Title: The Death of Vivek Oji
Author: Akwaeke Emezi
Published by: Faber & Faber
Publication date: 6th May 2021
Genre: Contemporary Fiction
Source: Private Collection
One afternoon, a mother opens her front door to find the length of her son’s body stretched out on the veranda, swaddled in akwete material, his head on her welcome mat. The Death of Vivek Oji transports us to the day of Vivek’s birth, the day his grandmother Ahunna died. It is the story of an overprotective mother and a distant father, and the heart-wrenching tale of one family’s struggle to understand their child, just as Vivek learns to recognize himself.
I was brought a copy of this book by Bookstooge, in return for an artwork commission. Thank you very much for the book.
The Death of Vivek Oji follows family life surrounding the titular character, Vivek, and chronicles the events pre and post his death. Set in South-Eastern Nigeria and told, mostly, through the eyes of those around Vivek, his family, friends, lovers, and strangers that thought they knew him. The Death of Vivek Oji covers contemporary topics of identity and race in a daring, yet sensitive manner. A captivating novel about friendship and love in a coming-of-age and coming-out story that starts and ends in tragedy.
The accounts of Viveks life are given through both his family and friends. His mother, Kavita, is desperate to find out what happened to her son on the night he died and as she struggles to find out the truth behind her son’s secret life. As an understanding but over-protective Mother swallowed by her grief her life becomes enveloped in her desire for answers. As one of the lead characters, I empathized with her situation; wanting to keep her unwell son safe, and being unable to shelter him from the world forever.
I did struggle with some of the other relationships in the book, however. Osita, Viveks cousin, and his developing relationship with him were one that I had particular difficulty with. Inter-familial relationships are a particular issue for me. I don’t see them as anything other than horribly wrong. As such, I couldn’t really get behind the crux of the story – their romance and their challenge to society’s views of it, why they feel the need to keep their sexualities, identities, and romance a hidden secret. What I didn’t understand about this element of the novel though, is why none of their friends challenge them? Is having sexual relations with your first cousin acceptable to these people?
Although this book is about Vivek and there are some minor snippets from his perspective, I found that he was somewhat lacking in presence in the story as a whole. He was there, but it didn’t feel like there was much input from him; other than the instance where he asked his cousin if he could watch him having sex with his girlfriend and him growing out his hair. Vivek was meant to be a shining beacon in his novel. A character that would garner sympathy and drive the hunger to know what happened to him, why he was dead, but I found him to be something of a selfish creep! Sadly, I couldn’t connect with him on a deeper level and found myself rather nonchalant about the whole affair. I was left feeling like I wanted to know more about him. His life from his perspective, rather than gloss over the gender fluidity and blackouts that he suffered. We were told, by his parents and friends, that he was sick. Were they talking about his self-expression or his fugue states? It felt like there were too many blanks and questions left unanswered – which when reading a book doesn’t feel rounded.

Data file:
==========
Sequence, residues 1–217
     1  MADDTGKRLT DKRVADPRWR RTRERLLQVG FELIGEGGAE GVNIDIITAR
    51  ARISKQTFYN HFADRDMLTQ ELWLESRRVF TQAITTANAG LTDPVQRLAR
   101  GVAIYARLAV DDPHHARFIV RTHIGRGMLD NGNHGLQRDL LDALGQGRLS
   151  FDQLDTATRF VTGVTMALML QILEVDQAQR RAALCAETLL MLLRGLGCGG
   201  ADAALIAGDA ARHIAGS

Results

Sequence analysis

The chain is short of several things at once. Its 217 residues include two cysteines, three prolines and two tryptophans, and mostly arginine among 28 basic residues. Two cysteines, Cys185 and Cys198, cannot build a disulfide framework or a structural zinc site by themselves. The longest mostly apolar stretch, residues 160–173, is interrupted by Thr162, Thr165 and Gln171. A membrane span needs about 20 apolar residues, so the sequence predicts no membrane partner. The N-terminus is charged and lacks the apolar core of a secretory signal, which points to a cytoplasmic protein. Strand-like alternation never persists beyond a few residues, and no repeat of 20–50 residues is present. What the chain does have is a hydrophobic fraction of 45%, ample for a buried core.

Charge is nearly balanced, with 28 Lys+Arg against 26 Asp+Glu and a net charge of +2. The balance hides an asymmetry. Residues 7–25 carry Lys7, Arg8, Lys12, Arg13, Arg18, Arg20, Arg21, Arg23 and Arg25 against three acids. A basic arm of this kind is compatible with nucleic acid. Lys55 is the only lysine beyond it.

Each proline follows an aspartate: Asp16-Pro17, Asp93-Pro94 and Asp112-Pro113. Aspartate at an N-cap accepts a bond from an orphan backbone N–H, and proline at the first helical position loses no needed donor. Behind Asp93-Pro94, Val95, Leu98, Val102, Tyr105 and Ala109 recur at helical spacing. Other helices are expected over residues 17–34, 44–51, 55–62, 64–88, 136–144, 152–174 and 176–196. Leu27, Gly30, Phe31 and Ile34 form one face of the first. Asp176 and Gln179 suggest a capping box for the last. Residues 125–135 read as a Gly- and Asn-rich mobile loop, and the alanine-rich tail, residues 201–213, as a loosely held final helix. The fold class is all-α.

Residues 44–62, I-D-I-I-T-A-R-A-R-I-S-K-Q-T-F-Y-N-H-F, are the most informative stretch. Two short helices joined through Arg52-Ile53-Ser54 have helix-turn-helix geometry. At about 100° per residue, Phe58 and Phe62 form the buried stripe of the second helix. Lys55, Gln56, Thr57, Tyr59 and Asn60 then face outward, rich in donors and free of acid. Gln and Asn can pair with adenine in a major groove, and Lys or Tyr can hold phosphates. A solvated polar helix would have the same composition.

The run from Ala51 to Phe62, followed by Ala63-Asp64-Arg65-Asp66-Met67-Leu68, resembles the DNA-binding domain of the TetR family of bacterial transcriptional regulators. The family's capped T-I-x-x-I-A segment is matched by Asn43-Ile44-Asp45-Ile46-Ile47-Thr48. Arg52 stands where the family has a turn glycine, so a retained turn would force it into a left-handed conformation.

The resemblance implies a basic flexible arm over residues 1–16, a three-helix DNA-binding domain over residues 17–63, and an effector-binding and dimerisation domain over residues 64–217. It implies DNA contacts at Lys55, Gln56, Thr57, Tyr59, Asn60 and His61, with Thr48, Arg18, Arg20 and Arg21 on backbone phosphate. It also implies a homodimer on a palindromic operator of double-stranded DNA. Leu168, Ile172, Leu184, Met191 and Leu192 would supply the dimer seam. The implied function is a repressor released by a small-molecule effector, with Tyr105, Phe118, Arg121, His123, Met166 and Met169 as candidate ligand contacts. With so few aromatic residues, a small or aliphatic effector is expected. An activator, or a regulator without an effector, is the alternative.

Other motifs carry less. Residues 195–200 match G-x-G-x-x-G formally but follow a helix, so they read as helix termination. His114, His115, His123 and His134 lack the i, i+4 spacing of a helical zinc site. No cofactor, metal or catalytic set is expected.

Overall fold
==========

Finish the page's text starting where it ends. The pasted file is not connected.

While I found the writing itself to be well-crafted and at times beautiful and insightful, the manner in which it is presented feels disjointed. The timeline jumps in a manner that is difficult to follow; scenes don’t always follow logically from one to another. It feels like the only true consideration was towards gender representation and sexuality while the rest of the novel was there to fill out the pages. The writing style was fluid and easy to grasp – which I was thankful for considering its setting is a culture vastly different from my own – which helps the pages turn quickly and immersion into the story feel vivid. Some of the elements to the novel felt real; the collection of ‘Nigerwives’ women that are from an outside culture married to Nigerian men and how they have banded together as a support network for one another and their children. Some of the characters in this selection felt uncannily realistic and while some of their actions are questionable, they still felt real within the parameters of their cultures.
The Death of Vivek Oji is one of those books that fell flat with my expectations. I was hoping to be transported into the life of a character wrapped in tragedy. Yet, I can only feel a certain detachment from their issues. The actions and motivations of those around Vivek and telling his story fell utterly flat. There was an absence of life in them and I felt disconnected from their struggles. The major event, the titular event, was the biggest disappointment; it had nothing to do with the topical issues being addressed in this book and it felt like a bit of a cop-out. The author had a chance to really hammer home some of the contemporary discussions that had already been touched upon but instead chose something else, it felt like a wasted opportunity.
I think that sums up the vast majority of this book; wasted opportunity. So many of the characters go unexplored and leave so many questions that are unanswered. Closure in a book makes the experience feel more alive and there was so little of it in The Death of Vivek Oji.
Although well written and beautiful in places, there’s a huge elephant in the room about this book regarding incestuous relationships. Because of that, I couldn’t immerse myself in the central relationships and motivations. A distinct lack of perspective from the titular character left the rest of the book feeling flat and lifeless.